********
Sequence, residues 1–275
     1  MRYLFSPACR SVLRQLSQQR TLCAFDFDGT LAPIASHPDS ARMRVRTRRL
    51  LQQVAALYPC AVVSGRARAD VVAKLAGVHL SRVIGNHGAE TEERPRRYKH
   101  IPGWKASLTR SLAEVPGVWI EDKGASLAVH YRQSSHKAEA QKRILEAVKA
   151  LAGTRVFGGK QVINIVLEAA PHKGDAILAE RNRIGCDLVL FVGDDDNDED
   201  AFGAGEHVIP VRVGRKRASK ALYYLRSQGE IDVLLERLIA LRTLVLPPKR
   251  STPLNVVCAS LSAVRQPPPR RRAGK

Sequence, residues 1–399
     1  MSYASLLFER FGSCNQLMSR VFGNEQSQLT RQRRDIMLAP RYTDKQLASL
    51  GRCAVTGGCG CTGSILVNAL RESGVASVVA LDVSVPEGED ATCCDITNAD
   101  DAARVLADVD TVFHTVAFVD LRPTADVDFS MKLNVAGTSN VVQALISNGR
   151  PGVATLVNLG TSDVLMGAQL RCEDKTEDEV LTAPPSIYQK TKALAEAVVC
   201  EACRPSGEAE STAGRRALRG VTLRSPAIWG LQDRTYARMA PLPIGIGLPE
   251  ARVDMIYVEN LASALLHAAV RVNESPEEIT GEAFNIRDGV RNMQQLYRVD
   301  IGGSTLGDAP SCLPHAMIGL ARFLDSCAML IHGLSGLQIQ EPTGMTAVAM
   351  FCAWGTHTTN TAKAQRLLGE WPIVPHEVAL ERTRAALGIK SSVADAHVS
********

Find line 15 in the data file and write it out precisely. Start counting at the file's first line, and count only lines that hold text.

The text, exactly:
   301  IGGSTLGDAP SCLPHAMIGL ARFLDSCAML IHGLSGLQIQ EPTGMTAVAM